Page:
The Embassy continues to offer grants for well-designed and managed projects that encourage and promote cultural and artistic cooperation, collaboration and exchange between the United States and Slovenia.
The focus of successful projects should be the presentation and promotion of American values,
culture, and/or history through art, music, literature, dance, and/or other cultural mediums, to Slovenian audiences.
Projects which demonstrate cultural cooperation between Slovenia and the United States that is indicative of the strong transatlantic relationship between the two nations and their people are of particular interest.
For this grant period, consideration will be given to project proposals focusing on promotion of American values and culture, and presentation of American history, society, art, or other culture.
We are particularly interested in supporting projects that demonstrate the mutually-beneficial, productive, and successful history and/or future of cultural cooperation between Slovenia and the United States that is indicative of the strong transatlantic relationship between the two nations and their people.
Funding for cultural grants is decided through a competitive application process, and each proposal is reviewed by an internal embassy committee.
Funding authority rests in the Smith-Mundt Act and Fulbright-Hays Act, as amended.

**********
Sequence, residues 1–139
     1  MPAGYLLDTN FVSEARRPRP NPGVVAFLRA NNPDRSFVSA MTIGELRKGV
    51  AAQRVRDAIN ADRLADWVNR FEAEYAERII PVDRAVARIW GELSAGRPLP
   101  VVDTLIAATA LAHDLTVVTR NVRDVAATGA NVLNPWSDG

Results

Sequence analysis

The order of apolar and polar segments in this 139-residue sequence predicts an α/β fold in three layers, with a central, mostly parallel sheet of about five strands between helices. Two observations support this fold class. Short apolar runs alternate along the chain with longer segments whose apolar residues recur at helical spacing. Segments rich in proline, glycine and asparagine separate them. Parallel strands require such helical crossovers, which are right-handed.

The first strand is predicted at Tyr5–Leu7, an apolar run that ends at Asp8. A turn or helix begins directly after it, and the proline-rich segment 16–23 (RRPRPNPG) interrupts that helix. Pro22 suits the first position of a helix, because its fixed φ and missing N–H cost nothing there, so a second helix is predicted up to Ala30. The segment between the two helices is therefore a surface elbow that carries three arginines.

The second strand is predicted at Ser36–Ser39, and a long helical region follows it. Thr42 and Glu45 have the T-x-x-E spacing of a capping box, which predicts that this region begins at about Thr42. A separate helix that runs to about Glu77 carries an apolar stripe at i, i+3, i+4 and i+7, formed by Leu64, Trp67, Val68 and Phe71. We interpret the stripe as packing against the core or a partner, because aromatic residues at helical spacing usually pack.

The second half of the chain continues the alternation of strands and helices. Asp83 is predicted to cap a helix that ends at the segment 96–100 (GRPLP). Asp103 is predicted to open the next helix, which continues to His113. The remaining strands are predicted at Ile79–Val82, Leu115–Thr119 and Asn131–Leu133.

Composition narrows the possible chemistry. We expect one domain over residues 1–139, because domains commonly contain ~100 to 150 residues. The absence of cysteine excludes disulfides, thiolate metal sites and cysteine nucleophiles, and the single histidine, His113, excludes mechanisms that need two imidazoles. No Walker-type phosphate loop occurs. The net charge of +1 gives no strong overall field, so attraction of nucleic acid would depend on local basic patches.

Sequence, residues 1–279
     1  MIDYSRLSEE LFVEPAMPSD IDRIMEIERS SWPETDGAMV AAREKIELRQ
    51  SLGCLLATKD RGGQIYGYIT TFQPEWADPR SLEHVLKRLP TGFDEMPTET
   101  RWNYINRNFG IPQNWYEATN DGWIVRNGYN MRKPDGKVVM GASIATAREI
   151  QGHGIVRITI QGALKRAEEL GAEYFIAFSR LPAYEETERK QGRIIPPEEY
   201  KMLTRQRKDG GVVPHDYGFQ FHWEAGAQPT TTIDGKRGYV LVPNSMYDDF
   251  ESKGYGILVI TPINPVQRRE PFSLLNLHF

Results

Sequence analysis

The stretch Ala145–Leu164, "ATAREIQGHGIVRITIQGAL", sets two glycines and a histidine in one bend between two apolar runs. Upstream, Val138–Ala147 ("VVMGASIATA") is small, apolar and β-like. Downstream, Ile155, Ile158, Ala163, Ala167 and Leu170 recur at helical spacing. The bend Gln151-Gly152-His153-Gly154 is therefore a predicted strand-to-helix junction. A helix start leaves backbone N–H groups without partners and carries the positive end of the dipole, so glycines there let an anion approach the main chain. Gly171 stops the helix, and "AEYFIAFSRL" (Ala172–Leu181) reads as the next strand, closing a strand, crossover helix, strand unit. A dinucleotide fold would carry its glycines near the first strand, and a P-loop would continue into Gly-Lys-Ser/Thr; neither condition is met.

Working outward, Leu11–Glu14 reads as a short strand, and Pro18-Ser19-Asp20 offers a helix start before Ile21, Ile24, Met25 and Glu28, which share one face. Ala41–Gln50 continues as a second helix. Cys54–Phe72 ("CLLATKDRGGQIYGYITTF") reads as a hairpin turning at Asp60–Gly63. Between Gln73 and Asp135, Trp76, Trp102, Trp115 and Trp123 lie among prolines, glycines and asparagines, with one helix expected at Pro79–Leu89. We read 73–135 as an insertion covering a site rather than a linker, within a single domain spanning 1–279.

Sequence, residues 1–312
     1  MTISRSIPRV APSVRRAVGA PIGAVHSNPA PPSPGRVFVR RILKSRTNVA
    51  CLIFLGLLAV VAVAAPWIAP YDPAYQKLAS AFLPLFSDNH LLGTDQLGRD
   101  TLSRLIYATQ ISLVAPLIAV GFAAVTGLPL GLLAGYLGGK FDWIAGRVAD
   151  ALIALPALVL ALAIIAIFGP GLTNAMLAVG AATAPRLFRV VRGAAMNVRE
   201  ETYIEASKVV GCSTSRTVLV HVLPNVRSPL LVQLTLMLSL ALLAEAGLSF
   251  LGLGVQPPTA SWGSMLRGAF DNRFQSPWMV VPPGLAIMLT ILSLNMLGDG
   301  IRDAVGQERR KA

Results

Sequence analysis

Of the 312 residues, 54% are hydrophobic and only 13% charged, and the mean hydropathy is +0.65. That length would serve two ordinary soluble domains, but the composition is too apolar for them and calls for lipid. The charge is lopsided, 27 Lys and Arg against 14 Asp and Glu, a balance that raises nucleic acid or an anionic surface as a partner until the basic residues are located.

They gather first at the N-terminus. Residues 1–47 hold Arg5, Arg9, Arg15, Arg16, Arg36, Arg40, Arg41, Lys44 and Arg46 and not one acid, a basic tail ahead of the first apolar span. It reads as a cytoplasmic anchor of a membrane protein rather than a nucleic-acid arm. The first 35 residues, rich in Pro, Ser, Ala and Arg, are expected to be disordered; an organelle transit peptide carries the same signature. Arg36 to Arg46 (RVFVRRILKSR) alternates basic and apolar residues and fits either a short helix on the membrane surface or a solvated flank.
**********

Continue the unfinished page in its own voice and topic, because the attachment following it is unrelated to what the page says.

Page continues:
We recognize that the requirement for all program proposals to include a significant American component may be challenging in some cases given current restrictions that preclude Americans from traveling to Slovenia.
We encourage prospective grant partners to be creative about leveraging of virtual resources, and capitalizing on local expertise during the August 2020 (Cultural or NGO) Grants cycle.
Proposals that do not require the international travel of American artists, specialists, speakers or performers, or which outline an alternative virtual component will be more competitive for the limited funding available.
A cultural program proposes a lecture series on American history for young schoolchildren.
The primary program proposal envisions an American history teacher visiting Slovenia to conduct in-person lectures and teacher training for two weeks.
Ideally, under the circumstances, the proposal should also include a backup plan to use video conferencing in lieu of international travel to conduct the lecture tour, in the event that COVID-19 travel restrictions make international travel impossible.